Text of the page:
Cincinnati Reds v Washington Nationals

Harper, Trout and the future

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In honor of Bryce Harper playing his 162nd career game, here is the list of the top 12 home run hitters through their age 20 seasons:

1. Mel Ott, 61

2. Tony Conigliaro, 56

3. Alex Rodriguez, 41

4. Ken Griffey, 38

5. Frank Robinson, 38

6. Mickey Mantle, 36

7. Mike Trout, 35

8. Al Kaline, 32

9. Bryce Harper, 31

(tie) Ted Williams, 31

11. Orlando Cepeda, 25

(tie) Eddie Mathews, 25

Now, some of these players — Alex Rodriguez, Ted Williams and Cepeda — actually turned 21at some point DURING the season, something Bryce Harper will not do until October.

There are a couple of points worth making here. One, Harper is on pace to hit 60 home runs this year. And while he probably won’t do that, he has to hit a more manageable 40 homers this year (31 more in the last five months) to pass Mel Ott for most home runs through age 20 season. He’s a pretty decent bet to do that.

But here’s an even more significant point, I think. Look at the 12 players. Tony Conigliaro seemed on his way to an extraordinary career until he was hit in the face by a Jack Hamilton pitch. the pitch fractured his cheek, dislocated his jaw and caused serious problems to his eye. His comeback  was stirring and magnificent — he hit 36 homers in 1970 — but his vision was never the same and he was done at 26 (he did try another comeback at 30, making it back to the Majors). He goes down with Herb Score and a couple of others as the greatest “What might have beens” in baseball history.

So take away Conigliaro. And take away Trout and Harper because they are active. That leaves nine players.

All nine are either in the Hall of Fame or will be in the Hall of Fame (depending on how the voters treat A-Rod). That’s amazing to me. All nine are all-time players.

It just goes to show you that displaying this sort of brilliance as an extremely young hitter is very telling and predictive. It’s interesting. Take a look at the pitchers with the most strikeouts through age 20 (since 1901):

1. Bob Feller, 712

2. Dwight Gooden, 544

3. Bert Blyleven, 359

4. Gary Nolan, 317

5. Larry Dierker, 290

6. Mike McCormick, 287

(tie) Pete Schneider, 287

8. Chief Bender, 276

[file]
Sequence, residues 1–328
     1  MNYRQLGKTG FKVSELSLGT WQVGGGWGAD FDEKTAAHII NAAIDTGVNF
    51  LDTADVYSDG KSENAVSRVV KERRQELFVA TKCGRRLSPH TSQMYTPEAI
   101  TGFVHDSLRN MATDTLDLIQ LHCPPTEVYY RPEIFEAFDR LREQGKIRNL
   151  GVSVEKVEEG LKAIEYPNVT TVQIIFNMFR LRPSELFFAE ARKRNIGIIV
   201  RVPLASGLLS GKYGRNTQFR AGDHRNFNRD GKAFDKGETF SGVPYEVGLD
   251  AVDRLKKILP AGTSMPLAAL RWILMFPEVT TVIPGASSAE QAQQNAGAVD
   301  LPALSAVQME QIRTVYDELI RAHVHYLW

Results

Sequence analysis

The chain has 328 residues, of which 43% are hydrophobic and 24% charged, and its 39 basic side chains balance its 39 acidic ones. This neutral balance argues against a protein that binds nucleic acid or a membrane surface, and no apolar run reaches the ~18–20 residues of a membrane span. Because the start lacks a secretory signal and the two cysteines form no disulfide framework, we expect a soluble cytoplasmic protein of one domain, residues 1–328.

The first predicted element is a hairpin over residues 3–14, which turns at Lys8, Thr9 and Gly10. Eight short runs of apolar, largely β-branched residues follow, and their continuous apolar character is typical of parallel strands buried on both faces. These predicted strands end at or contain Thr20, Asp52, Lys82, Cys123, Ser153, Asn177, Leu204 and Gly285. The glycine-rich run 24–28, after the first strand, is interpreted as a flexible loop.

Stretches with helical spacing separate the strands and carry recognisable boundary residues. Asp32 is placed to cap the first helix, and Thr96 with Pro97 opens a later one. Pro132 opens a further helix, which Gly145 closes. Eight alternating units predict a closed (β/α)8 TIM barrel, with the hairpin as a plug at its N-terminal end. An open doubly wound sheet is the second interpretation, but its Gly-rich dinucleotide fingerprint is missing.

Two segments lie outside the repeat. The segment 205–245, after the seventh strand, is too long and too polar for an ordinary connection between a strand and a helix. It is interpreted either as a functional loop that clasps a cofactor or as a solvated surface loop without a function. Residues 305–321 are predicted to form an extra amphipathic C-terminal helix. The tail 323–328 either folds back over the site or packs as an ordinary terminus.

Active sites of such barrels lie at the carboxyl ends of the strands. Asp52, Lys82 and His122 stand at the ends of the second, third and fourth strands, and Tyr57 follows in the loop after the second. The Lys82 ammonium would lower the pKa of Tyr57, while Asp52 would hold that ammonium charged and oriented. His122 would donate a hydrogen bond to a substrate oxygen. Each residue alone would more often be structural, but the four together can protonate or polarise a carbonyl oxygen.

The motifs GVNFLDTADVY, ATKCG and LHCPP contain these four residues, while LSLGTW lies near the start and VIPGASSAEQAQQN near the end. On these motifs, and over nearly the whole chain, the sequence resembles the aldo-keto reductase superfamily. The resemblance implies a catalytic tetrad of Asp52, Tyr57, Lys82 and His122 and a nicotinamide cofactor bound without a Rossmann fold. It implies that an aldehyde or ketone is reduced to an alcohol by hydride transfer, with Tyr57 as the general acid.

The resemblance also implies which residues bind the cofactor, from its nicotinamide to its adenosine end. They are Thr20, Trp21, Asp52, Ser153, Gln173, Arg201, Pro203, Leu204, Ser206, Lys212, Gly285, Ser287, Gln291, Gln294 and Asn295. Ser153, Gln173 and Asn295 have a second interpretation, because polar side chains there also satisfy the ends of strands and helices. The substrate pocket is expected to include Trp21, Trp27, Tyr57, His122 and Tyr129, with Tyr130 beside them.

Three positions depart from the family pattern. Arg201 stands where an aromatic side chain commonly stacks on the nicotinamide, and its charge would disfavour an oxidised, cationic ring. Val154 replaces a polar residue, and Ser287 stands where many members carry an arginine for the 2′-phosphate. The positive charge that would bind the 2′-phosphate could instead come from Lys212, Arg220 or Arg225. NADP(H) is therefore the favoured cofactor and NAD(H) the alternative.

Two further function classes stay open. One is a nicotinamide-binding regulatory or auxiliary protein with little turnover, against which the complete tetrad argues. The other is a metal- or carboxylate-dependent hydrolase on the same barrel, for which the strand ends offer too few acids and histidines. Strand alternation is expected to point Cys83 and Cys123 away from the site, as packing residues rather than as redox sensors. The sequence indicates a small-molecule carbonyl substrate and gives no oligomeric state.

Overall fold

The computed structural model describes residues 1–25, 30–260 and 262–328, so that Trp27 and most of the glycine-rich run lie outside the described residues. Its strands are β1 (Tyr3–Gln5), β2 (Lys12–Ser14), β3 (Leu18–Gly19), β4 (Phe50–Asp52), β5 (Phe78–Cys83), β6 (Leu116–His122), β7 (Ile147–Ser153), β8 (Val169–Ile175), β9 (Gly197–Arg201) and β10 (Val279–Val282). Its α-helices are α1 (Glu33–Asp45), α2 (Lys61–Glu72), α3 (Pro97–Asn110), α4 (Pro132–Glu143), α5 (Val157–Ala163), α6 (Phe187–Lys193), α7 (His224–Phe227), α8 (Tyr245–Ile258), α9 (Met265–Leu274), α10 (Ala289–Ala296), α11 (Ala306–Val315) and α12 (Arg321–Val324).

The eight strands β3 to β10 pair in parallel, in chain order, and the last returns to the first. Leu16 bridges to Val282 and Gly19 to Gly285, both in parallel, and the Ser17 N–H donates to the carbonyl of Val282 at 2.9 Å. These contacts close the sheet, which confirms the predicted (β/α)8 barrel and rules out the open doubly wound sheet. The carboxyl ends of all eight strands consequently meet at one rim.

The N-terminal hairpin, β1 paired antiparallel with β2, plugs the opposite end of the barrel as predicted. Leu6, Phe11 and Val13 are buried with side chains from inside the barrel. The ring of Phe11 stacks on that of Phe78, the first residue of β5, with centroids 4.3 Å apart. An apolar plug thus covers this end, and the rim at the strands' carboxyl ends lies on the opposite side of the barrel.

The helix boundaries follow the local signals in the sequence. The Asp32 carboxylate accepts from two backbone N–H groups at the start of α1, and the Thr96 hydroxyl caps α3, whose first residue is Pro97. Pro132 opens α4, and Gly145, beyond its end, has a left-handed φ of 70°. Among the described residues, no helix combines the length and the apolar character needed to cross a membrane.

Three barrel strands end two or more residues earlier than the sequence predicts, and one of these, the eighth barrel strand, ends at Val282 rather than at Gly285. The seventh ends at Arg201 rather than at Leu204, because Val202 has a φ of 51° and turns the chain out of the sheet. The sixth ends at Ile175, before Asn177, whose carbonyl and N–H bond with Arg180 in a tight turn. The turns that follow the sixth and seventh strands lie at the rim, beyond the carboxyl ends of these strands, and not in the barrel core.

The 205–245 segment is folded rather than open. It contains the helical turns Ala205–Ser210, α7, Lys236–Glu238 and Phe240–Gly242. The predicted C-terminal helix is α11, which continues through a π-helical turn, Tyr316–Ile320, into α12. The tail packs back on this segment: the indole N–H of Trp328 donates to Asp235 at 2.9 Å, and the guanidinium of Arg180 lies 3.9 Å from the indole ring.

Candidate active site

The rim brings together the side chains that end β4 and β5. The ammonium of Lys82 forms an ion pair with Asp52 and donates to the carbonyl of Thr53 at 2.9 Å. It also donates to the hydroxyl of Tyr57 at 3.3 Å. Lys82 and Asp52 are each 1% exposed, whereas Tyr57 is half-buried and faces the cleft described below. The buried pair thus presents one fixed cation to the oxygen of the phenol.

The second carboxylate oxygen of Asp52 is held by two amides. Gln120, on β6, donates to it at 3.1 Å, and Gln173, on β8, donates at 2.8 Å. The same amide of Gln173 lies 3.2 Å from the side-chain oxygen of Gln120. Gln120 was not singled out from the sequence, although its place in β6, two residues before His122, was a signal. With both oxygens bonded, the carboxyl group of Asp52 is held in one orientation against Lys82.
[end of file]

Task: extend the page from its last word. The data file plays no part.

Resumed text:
9. Felix Hernandez, 253

10. Smoky Joe Wood, 244

11. Rick Ankiel, 233

12. Walter Johnson, 231

Sort of a mixed bag, isn’t it? You have all-time greats and a few OK pitchers and some washouts. Pitcher wins through Age 20 looks more or less the same — you  add Wally Bunker and Milt Pappas and Ray Sadecki, take out Walter Johnson, Rick Ankiel and King Felix. It still gives you an inconsistent mix. Pitchers get hurt: Gary Nolan did, Smoky Joe Wood did. Dwight Gooden lost his way. Rick Ankiel, well, this happened.

That sort of thing does not seem to happen as often to young hitters. Sure, they will occasionally get hurt like Conigliaro. Vada Pinson, Claudell Washington, Cesar Cedeno and a handful of other precocious young players all ran into various problems or inconsistencies along the way. But, generally speaking, brilliant young hitters stay brilliant for an extended period of time. Bryce Harper and Mike Trout are obviously a long, long, long way away from becoming all-time players. But I’d bet on both of them.

Billy Butler activated from the 7-day concussion disabled list

OAKLAND, CA - JULY 24: Billy Butler #16 of the Oakland Athletics celebrates a solo homerun in the bottom of the eighth inning to regain the lead against the Tampa Bay Rays at the Oakland-Alameda Coliseum on July 24, 2016 in Oakland, California.  (Photo by Don Feria/Getty Images)
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The Oakland Athletics have activated DH Billy Butler from the 7-day concussion disabled list.

Butler, you’ll recall, suffered a concussion last weekend in a clubhouse fight with teammate Danny Valencia. The two have since apologized to each other and to the A’s organization for creating what would, if everyone’s being honest, serve as the dramatic peak of the A’s disappointing year.

Speaking of disappointing, Butler is hitting.286/.338/.419 with four homers and 30 RBI in 228 plate appearances this season.

Tim Tebow to work out for 15-20 teams

ARLINGTON, TX - DECEMBER 31:  Broadcaster Tim Tebow of the SEC Network speaks on air before the Goodyear Cotton Bowl at AT&T Stadium on December 31, 2015 in Arlington, Texas.  (Photo by Scott Halleran/Getty Images)
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FOX Sports’ Jon Morosi reports that Tim Tebow’s baseball workout, which will take place tomorrow in Los Angeles, will be attended by scouts from “roughly half” of the 30 major league teams. Morosi noted in a later tweet that a lot of the people going to see the workout are people “with influence.” That could mean that people are taking him seriously. It could mean that people want to gawk. The proof will ultimately be in the pudding.

As we’ve noted, Tebow is 29 and he asn’t played competitive baseball since high school. While some people who have watched him work out have said complimentary things about his preparation and approach, an anonymous scout told ESPN.com last week that Tebow’s swing is so long it might “take out the front row.”

Color us skeptical until someone who works for a club, as opposed to people who have been invited to coach him, pitch to him or work out with him, says that Tebow has a chance.